Enable the recapture of green card numbers that were approved by Congress in previous years but were not used, and continue this policy going forward through the roll-over of unused green cards in future fiscal years to the following fiscal yearExempt certain categories of persons from the employment-based green card cap:
Dependents of employment-based immigrant visa recipientsUS STEM advance degree holdersPersons of extraordinary abilityOutstanding professors and researchers
Eliminates per-country limits for employment-based green cardsIncreases per-country limits for family-based green cards from 7% to 15%
The I-Squared bill would remove many of the artificial limits on obtaining temporary work visas and permanent residence for the next generation of entrepreneurs and leaders in science and technology. Providing more visas for these innovators will, in turn, create additional jobs for US workers.
Fantastic news for those in the EB-3 category in the February 2015 Visa Bulletin!
Two years ago, the wait for those in the EB-3 category was almost 6 years to get a green card, even more for persons born in the Philippines (as well as China and India, which is a problem yet to be resolved by Congress). During the past 2 years, the wait has been shrinking and shrinking.
Now, in the February 2015 Visa Bulletin, the wait has fallen to 13 months, and the State Department predicts even faster waiting times in the months ahead.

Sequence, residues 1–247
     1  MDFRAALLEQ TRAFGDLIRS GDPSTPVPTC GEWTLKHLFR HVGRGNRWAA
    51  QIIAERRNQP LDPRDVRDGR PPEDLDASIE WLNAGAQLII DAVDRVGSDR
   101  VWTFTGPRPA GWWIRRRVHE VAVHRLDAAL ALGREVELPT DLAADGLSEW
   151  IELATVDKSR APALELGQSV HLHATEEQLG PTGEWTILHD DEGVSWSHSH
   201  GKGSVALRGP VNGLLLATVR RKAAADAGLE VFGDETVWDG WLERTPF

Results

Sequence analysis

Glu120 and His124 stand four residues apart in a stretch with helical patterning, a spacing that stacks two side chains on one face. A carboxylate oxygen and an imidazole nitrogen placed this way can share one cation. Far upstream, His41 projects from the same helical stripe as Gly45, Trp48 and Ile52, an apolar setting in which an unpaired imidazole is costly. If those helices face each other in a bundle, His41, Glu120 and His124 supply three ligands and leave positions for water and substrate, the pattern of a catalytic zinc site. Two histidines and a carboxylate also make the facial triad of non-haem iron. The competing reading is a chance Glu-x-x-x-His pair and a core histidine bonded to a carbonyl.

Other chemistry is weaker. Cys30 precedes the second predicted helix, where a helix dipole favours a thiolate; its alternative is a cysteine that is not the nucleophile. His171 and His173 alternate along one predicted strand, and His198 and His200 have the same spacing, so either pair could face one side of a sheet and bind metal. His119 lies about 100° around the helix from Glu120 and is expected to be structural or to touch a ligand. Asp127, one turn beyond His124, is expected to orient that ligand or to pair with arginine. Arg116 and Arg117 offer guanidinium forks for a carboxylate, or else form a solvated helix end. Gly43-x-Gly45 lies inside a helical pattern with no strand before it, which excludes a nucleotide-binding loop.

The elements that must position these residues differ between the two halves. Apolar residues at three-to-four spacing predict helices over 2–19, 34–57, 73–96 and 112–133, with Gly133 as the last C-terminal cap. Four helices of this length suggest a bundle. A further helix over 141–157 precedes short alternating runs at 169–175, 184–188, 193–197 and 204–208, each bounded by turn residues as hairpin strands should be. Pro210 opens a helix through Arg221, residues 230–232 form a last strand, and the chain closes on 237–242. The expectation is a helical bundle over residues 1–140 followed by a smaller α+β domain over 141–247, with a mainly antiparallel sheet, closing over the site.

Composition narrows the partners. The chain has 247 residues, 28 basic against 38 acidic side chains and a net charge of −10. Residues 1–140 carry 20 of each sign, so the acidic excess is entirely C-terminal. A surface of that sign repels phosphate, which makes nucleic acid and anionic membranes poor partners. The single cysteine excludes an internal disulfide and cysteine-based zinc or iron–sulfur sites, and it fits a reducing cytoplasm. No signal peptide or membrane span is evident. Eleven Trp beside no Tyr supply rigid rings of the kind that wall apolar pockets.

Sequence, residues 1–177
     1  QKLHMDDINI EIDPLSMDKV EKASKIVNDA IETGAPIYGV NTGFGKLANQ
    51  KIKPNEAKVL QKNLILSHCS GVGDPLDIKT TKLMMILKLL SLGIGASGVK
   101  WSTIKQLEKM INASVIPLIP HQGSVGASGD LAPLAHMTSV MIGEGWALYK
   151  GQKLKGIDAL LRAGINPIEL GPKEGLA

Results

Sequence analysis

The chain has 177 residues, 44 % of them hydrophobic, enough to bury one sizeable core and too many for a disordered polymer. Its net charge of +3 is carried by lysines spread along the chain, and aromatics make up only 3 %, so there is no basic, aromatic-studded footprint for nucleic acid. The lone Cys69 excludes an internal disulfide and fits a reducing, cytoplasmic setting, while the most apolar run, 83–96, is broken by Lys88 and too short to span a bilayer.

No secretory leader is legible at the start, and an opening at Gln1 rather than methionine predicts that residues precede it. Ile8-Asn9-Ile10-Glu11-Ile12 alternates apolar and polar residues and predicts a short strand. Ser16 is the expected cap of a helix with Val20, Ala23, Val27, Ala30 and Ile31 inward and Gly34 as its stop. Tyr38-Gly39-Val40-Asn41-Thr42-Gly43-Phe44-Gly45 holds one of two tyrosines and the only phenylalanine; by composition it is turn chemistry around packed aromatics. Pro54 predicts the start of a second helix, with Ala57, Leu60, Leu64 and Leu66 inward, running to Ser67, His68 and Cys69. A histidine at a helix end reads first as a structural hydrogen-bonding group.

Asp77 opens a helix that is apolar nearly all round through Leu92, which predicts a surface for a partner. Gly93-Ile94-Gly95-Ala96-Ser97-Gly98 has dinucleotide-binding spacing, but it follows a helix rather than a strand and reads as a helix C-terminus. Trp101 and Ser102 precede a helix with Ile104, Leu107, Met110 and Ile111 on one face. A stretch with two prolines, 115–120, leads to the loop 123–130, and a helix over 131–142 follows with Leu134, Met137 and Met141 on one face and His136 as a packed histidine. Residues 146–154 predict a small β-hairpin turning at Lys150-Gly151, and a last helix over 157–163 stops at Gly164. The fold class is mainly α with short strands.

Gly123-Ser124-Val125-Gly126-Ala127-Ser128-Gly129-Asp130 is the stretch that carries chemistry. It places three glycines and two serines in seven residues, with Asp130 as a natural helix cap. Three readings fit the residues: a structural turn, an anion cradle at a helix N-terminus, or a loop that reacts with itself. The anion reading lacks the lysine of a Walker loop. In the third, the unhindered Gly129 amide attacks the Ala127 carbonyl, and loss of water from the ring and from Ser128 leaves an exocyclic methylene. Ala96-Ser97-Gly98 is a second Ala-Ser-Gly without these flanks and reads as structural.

This is an opportunity which you cannot afford to miss. If you qualify for a green card in the EB-3 category (Professionals and Skilled Workers), make sure your employer submits a PERM application for you immediately!
If you are a Registered Nurse or a Physical Therapist, no PERM application is required. Your employer should submit an I-140 visa petition on your behalf as soon as possible. As soon as your priority date becomes current, apply for a green card using form I-485.
EB-3 vs. H-1B
This is especially great news for foreign-born students studying in the US. Once you graduate, you can apply for Optional Practical Training (OPT). OPT is a work permit which is valid for at least 12 months, or for some STEM jobs, up to 29 months.
Since getting an H-1B temporary work visa is a 50-50 lottery these days, if your employer submits a PERM application or an I-140 petition at the beginning of your OPT period, you may be able to go directly from OPT to Green Card, and bypass H-1B altogether.
This is great news for employers as well given the costs and uncertainty of obtaining H-1B status for essential employees.
Don't hesitate, apply immediately!